Friday, February 27, 2015

Fete du Cochon!

Pig Party!

Warning: this post may cause a craving for dried pig ears...or bacon...
Rames, France--A hamlet in the midi-Pyrenees.  Just breath taking really.  Pure country and mountains; all you hear is the soft rushing of spring water and the low "dong-da-dong" from bells worn by all the sheep and cattle in the valley. 
The valley is dotted with these hand built rock barns.  The hills are so steep, they put several of these small barns on one property so hay does not need to be lugged too far.  This barn housed two pigs that met their fate one snowy February day.  I wanted to take a photo of walking them from this barn down a steep path about 1000' away to the truck, but I did not want to spook them and be the cause of a "pig chase" rather than a "pig party"!
Raymond, friend and butcher, killed the pigs and chopped them into "smaller" bits.  Here, at the butcher, over the wood fire in the back corner, we also made blood pudding--stuffing the intestines with the pigs' blood, carrots and spices.  It sounds grotesque, but it was quite good actually.  It's rich, so you can't eat too much, but it's worth a try from a good pig.
Next, all the remaining pig parts were loaded in the van and brought back to Rames.  We then carried the raw pork, bit by bit back up hill to the kitchen.

In the kitchen, we separated fat, from meat, skin from lard and put them in separate tubs.  Each part of the pig was used differently, some ground into sausage, some into salami, some cured, some canned, some left as roasts...but not a bit was wasted, from snout to tail.
These jars contain peppered and salted pork ribs.
The jars were then boiled in a hot water bath for 3 hours.  They can be eaten for up to a year.  I had some from last year's pig and Oh Man, they were incredible!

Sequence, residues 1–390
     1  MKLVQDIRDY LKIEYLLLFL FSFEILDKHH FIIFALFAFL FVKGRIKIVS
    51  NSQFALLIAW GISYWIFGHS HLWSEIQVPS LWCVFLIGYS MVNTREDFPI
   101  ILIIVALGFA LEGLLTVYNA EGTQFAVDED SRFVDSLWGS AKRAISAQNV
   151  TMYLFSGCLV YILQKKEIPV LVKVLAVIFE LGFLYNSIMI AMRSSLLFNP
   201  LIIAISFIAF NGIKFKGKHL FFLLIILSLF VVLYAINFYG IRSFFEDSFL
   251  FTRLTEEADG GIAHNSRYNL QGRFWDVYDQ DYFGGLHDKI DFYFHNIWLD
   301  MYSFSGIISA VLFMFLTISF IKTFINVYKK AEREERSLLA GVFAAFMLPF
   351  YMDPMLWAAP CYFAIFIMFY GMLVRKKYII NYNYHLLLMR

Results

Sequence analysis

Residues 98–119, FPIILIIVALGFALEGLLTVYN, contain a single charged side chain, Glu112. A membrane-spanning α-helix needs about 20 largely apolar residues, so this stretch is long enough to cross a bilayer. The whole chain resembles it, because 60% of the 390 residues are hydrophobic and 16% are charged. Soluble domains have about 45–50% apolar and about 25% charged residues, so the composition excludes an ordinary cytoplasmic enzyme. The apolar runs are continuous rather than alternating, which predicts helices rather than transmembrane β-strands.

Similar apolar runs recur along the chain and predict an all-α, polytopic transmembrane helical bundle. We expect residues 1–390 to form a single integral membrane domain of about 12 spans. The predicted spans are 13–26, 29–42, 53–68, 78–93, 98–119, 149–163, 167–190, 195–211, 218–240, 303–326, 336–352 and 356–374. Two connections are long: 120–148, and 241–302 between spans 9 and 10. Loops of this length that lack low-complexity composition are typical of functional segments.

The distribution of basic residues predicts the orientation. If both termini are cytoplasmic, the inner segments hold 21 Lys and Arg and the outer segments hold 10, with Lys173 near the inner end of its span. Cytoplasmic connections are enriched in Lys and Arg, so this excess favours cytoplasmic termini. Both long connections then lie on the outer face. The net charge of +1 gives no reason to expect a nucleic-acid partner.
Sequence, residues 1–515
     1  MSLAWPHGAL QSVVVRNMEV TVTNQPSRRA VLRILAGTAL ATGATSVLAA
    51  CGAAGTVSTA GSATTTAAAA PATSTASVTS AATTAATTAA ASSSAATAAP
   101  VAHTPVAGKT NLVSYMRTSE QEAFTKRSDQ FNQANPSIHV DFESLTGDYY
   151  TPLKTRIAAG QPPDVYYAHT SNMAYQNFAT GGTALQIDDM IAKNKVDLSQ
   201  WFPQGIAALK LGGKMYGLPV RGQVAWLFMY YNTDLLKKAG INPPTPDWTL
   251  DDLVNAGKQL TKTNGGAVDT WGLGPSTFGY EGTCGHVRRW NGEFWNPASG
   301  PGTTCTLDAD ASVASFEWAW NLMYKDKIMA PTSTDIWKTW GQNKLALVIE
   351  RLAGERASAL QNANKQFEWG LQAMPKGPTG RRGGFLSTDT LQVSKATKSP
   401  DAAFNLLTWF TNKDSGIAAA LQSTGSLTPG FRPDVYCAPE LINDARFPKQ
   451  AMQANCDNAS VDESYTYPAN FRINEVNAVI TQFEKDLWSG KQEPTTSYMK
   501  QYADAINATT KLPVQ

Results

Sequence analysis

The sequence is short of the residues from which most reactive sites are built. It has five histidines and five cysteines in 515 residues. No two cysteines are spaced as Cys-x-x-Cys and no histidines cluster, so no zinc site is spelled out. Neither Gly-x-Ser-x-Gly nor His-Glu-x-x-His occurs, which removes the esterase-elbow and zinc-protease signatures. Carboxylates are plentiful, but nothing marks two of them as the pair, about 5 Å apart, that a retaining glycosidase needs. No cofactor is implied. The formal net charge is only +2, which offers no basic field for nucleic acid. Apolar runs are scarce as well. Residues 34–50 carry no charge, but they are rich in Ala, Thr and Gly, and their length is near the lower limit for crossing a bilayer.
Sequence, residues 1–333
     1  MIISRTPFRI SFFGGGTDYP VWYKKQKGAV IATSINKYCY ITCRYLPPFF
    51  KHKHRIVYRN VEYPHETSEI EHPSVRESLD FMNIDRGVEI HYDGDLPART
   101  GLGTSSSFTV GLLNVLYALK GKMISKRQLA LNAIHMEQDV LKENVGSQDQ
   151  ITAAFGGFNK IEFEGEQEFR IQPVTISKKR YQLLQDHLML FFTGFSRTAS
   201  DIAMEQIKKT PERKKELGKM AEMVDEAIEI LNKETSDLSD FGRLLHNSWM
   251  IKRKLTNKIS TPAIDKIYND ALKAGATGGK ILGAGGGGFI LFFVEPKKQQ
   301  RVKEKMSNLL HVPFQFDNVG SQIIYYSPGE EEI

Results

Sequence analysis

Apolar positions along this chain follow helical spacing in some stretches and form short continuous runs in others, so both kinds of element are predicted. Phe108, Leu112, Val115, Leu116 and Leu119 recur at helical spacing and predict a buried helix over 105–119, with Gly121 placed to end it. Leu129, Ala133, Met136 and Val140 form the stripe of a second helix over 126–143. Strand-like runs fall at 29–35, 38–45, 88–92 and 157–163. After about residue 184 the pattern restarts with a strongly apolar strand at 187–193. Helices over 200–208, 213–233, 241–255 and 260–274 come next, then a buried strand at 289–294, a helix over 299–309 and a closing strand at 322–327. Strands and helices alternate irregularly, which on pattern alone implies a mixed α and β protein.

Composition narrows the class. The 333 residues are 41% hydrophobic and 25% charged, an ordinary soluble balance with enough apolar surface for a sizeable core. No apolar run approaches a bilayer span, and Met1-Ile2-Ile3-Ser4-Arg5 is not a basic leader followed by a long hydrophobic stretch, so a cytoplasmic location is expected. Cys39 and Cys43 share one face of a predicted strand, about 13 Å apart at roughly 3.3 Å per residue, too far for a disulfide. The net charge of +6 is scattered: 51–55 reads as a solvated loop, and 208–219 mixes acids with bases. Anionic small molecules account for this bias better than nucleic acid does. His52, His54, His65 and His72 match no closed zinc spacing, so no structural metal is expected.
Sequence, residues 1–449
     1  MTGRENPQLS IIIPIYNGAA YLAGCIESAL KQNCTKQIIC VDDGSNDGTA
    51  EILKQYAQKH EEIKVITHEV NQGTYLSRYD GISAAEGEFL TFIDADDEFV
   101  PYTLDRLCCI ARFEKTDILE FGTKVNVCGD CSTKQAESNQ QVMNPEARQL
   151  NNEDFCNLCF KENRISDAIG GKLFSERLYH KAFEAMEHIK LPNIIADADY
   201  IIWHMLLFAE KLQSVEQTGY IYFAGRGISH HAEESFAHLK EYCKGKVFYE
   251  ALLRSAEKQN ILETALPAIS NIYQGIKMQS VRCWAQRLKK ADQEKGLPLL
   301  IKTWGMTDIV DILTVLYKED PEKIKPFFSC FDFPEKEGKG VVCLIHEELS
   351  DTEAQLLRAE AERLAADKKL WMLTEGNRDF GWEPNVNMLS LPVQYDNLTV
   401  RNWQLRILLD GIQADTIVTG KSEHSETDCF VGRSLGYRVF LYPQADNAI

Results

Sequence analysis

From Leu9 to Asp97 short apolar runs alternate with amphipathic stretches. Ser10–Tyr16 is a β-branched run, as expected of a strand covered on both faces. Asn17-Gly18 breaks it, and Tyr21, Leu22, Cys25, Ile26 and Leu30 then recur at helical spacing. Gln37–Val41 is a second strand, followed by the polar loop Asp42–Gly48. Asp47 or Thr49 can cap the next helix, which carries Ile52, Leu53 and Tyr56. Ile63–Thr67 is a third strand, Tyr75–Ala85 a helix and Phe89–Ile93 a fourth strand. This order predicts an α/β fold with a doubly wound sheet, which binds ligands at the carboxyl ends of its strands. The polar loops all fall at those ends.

Next the bacon and the hams were peppered, salted...

...wrapped in clean cloth...

...and hung in the attic to cure.  The hams (shown here) will take 1 year to cure and can be consumed for up to three years.  The pepper cures the meat and the salt draws out the moisture.  Both spices are scraped off the surface of the meat before eating, so actually they are not peppery or salty in the end, just perfect.  I should have taken a picture of the finished product.  We were eating off of last year's ham.  Sliced thin, eaten raw with fresh bread and cheese...delectable!
Americans are pretty freaked out about how the French, Spanish, their meat.  Much of it is cured and eaten raw, hung from rafters and left out of the fridge.  It's an ancient way of preserving food, without chemicals and electricity.  They take precautions, I mean we washed and boiled all the jars, tubs, knives we used.  But it is cautious without fear...very refreshing...
Zach and I will try out a bit of cured ham and canned ribs...we'll keep you posted! 

No comments:

Post a Comment